In November 1870, the NW&CCR's proposals were revived under a new name. The Euston, St Pancras and Charing Cross Railway (EStP&CCR) proposals were similar to those of the NW&CCR.[6] A station was to be provided at Gower Street parallel and adjacent to the MR's station there to provide an interchange between the lines. Additional to the NW&CCR's proposals, two additional tunnels would have extended eastwards from the Gower Street station to connect to Euston station and the Midland Railway's recently opened St Pancras station.[7]

After the EStP&CCR tunnel had passed under the MR's tunnel near the junction of Tottenham Court Road and Euston Road, the line would have run roughly south by south-east on the west side of Whitfield Street to the next station at Goodge Street and then a station at Oxford Street. South of Oxford Street, the line continued on a more southerly route to Leicester Square where a station was to be built on the north side of the square. The route would then have turned south-west to pass north of the church of St Martin-in-the-Fields before reaching the final station on the north side of Strand opposite the mainline station. Beyond the station the EStP&CCR continued under Strand before rising to the surface between the mainline station and Villiers Street on a viaduct which would have connected to the SER's bridge over the River Thames as planned by the NW&CCR. The tunnels were to be 26 feet (7.9 m) wide and 14 feet (4.3 m) high for use by the mainline companies' trains. Vents were to be provided along the route to allow smoke and steam to escape from the tunnels.[8] Between Oxford Street and Chandos Street, a new road was to be constructed over the railway to which the Metropolitan Board of Works agreed to contribute £200,000.[9] The estimated costs of constructing the tunnels and new road were £1.4 million and £280,000 respectively.[9]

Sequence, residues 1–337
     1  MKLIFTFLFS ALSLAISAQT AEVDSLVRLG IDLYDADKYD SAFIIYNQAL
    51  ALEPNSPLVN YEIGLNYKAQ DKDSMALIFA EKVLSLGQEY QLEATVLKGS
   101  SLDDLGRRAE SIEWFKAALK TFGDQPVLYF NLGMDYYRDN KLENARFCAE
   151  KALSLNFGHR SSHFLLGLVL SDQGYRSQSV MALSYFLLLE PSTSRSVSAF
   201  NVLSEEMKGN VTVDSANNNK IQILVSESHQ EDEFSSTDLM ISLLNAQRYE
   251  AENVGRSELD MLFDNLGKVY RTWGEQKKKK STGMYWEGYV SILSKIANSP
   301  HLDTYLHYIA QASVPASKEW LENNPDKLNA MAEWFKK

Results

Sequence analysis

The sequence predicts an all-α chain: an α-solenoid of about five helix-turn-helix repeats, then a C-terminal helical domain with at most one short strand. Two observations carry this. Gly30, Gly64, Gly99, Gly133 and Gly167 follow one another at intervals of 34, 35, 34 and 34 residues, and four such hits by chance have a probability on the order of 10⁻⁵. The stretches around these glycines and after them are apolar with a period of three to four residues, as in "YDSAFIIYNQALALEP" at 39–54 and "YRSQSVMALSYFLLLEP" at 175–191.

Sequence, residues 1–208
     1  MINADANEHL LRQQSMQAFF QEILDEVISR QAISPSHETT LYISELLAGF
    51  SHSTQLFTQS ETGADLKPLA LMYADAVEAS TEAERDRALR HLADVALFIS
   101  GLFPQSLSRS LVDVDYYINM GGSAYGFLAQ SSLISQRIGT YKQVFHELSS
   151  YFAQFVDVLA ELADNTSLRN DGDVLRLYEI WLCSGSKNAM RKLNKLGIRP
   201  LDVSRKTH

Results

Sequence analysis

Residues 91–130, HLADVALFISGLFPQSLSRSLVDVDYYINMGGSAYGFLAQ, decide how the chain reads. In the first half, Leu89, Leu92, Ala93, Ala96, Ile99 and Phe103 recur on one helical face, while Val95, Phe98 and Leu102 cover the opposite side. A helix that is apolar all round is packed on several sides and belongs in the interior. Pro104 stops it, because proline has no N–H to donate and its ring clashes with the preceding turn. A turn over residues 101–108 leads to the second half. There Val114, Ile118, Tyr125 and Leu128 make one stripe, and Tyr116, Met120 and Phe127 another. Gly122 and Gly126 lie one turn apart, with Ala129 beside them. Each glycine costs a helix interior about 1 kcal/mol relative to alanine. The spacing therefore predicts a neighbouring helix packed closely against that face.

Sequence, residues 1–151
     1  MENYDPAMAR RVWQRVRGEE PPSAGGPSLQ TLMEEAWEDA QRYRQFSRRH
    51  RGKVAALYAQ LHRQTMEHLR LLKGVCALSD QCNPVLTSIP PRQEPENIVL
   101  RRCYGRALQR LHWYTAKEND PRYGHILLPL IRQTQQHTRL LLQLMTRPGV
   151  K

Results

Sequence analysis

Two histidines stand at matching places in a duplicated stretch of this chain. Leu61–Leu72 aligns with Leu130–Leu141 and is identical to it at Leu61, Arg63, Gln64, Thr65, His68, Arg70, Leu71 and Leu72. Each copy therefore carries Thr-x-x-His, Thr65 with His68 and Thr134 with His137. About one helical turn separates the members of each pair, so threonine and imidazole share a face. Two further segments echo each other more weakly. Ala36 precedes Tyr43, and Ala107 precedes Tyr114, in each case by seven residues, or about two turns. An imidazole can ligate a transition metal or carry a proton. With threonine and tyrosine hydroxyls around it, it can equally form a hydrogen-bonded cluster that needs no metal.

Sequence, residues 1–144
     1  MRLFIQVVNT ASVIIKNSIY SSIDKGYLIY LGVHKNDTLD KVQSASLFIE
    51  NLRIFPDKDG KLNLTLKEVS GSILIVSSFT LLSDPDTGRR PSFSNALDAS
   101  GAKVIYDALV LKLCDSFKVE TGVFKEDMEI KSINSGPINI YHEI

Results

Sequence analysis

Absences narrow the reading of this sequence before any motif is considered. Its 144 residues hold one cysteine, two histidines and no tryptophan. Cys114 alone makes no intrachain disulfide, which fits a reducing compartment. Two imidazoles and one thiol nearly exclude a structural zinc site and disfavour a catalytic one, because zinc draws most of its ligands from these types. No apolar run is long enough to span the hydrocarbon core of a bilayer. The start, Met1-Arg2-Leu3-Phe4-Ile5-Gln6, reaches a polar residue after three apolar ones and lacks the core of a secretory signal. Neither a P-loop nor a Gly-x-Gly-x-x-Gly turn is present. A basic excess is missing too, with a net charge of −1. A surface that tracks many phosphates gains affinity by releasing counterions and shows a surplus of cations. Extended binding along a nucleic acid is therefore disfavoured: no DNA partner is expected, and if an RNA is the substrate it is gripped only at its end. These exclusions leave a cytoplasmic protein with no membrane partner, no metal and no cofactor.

The EStP&CCR act received Royal assent on 14 August 1871. Following this, the company changed its name to the London Central Railway (LCR), but, again, the company struggled to raise funding for the construction. In 1873, an extension of time was obtained to grant the LCR additional time to construct the railway, but proposals for an additional connection to King's Cross station and to the MR at St Pancras were rejected.[9] The LCR's financial situation failed to improve and the proposal was abandoned again in 1874.[9]

See also[edit]

  • Snow Hill Tunnel (London) - similar cross city tunnel constructed by the London Chatham and Dover Railway between Ludgate Hill and Farringdon

Notes and references[edit]

Notes[edit]

  1. ^ Thirty-three underground railway schemes were proposed. Six proposals failed due to the deposit not being paid and most of the rest were rejected by a parliamentary joint committee set up to review them.[5]

References[edit]

  1. ^ Walford 1878.
  2. ^ a b Badsey-Ellis 2005, p. 9.
  3. ^ a b "No. 22792". The London Gazette. 27 November 1863. pp. 6248–6251.
  4. ^ "No. 22881". The London Gazette. 2 August 1864. pp. 3828–3830.
  5. ^ a b c d e f Badsey-Ellis 2005, p. 10.
  6. ^ "No. 23682". The London Gazette. 25 November 1870. pp. 5282–84.
  7. ^ Badsey-Ellis 2005, pp. 11–12.
  8. ^ Badsey-Ellis 2005, p. 12.
  9. ^ a b c d Badsey-Ellis 2005, p. 13.

Bibliography[edit]